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WINNERS - Universities win tough robotics competition

  • Written by Lauren Trucksess

Australia is once again home to the region’s top university robotics title. RMIT University took home the top finish and bragging rights at the finals of the 2017 National Instruments Autonomous Robotics Competition (NIARC) in Sydney. The team beat last year’s winner, The University of Wollongong, in the final round. 


Two dozen university teams from across Australia, New Zealand and for the first time ever, Singapore, competed in the live finals event, making it one of the toughest competition fields to date.


Top finishers for 2017 included:

1st Place: RMIT University

2nd Place: The University of Wollongong 

3rd Place: University of New South Wales


Best Robot Design (By popular vote): University of Waikato


NIARC is a student competition designed to encourage development and innovation in the field of robotics. In line with this year’s theme; “Transportation Innovation”, the robots were required to navigate a ‘smart city’, respond to changing road rules, avoid obstacles, pickup ‘passengers’ and return home safely, earning points for speed and efficiency.


 “It was a challenging course and our robot certainly wasn’t the fastest in the competition but it turns out, slow and steady really does win the race!”, said Genevieve Houghton of the winning RMIT team.


“This was the first time many of us have competed in NI ARC so to come away with the win was a very pleasant surprise. We enjoyed seeing all of the designs from the other teams and it has definitely been a great learning experience for us,” added Houghton.


RMIT’s first place finish has earned the team a free trip to Austin, Texas where they’ll attend NIWeek, a leading engineering conference attended by thousands of professional engineers and scientists from more than 60 countries. Other finisher prizes included Google Home, Parrot Mini Drones and Google Chromecast.


We were definitely eager to come back and defend our title but unfortunately, it didn’t quite work out as we planned. This year’s course had a lot more challenges and we knew it was going to be a tough fight with so many great teams competing. We’re still really happy with how we performed and for the opportunity to compete and gain this experience,” said Jerome Justin of the University of Wollongong.


Each of the more than 120 engineering students involved had worked for more than six months on their robot designs, giving them an opportunity to bring classroom theory to life. NI provided industry-leading hardware and software to help the students design and program the intelligent vehicles.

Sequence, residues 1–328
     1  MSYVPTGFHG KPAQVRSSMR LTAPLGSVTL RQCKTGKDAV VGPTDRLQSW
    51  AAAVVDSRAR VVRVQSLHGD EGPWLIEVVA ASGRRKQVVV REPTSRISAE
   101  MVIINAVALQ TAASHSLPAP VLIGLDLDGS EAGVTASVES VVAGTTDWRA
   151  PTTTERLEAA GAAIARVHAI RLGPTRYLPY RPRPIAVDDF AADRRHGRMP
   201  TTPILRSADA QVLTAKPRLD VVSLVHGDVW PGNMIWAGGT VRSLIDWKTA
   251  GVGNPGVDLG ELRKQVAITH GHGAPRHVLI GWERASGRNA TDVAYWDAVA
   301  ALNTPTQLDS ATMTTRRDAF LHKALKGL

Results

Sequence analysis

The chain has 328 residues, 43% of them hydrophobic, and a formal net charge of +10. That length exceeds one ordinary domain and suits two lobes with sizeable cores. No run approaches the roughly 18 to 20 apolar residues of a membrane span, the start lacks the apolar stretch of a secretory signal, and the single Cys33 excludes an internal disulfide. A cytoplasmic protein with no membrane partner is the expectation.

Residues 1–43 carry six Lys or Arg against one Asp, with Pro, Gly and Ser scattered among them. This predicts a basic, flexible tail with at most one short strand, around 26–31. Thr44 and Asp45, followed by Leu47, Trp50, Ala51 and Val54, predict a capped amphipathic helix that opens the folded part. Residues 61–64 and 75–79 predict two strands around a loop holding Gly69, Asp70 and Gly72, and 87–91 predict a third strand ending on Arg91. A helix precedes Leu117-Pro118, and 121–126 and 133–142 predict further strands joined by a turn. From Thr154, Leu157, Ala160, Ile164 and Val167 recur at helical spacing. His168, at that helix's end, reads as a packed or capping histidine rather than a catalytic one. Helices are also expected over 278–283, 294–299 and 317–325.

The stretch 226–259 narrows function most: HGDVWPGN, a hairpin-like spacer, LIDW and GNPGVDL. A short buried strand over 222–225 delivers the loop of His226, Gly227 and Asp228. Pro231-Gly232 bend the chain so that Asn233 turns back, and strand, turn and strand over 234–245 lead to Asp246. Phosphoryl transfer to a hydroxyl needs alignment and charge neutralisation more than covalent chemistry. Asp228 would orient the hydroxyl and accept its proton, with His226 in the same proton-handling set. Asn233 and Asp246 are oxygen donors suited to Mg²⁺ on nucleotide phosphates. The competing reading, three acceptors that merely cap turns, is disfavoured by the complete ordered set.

We’re always so impressed with the talent and commitment of the NI ARC participants and this year was no exception. The students have proven that they have the capabilities to design and develop the smart transportation solutions of the future,” said Ryota Ikeda, Marketing Director, APAC, National Instruments.


This type of hands-on learning solidifies what the students learn in the classroom and gives them an opportunity to work with the hardware and software used by today’s top engineers. The transportation industry is just one of many that is being transformed by robotic technology and these students will certainly have a unique advantage in helping shape the future of these industries,” added Mr Ikeda.


Finalist universities for 2017 included:


University of Auckland (NZ)

Curtin University (WA)

*Edith Cowan University (WA)

Flinders University (VIC)

Macquarie University (NSW)

Massey University (NZ)

*University of Melbourne (VIC)

Nanyang Technological Institute (Singapore)

University of New South Wales (NSW)

University of Tasmania (TAS)

*University of Technology Sydney (NSW)

University of Queensland (QLD)

*RMIT University (VIC)

Swinburne University of Technology (VIC

*University of Waikato (NZ)

Western Sydney University (NSW)

University of Wollongong (NSW)

*Victoria University of Wellington (NZ)


*Denotes universities with more than one team participating


Recent winners from previous years include, University of Wollongong (2016), University of South Australia (2015) and University of New South Wales (2014), among others.

About National Instruments

Since 1976, NI ( has made it possible for engineers and scientists to solve the world’s greatest engineering challenges with powerful, flexible technology solutions that accelerate productivity and drive rapid innovation. Customers from a wide variety of industries—from healthcare to automotive and from consumer electronics to particle physics— use NI’s integrated hardware and software platform to improve the world we live in.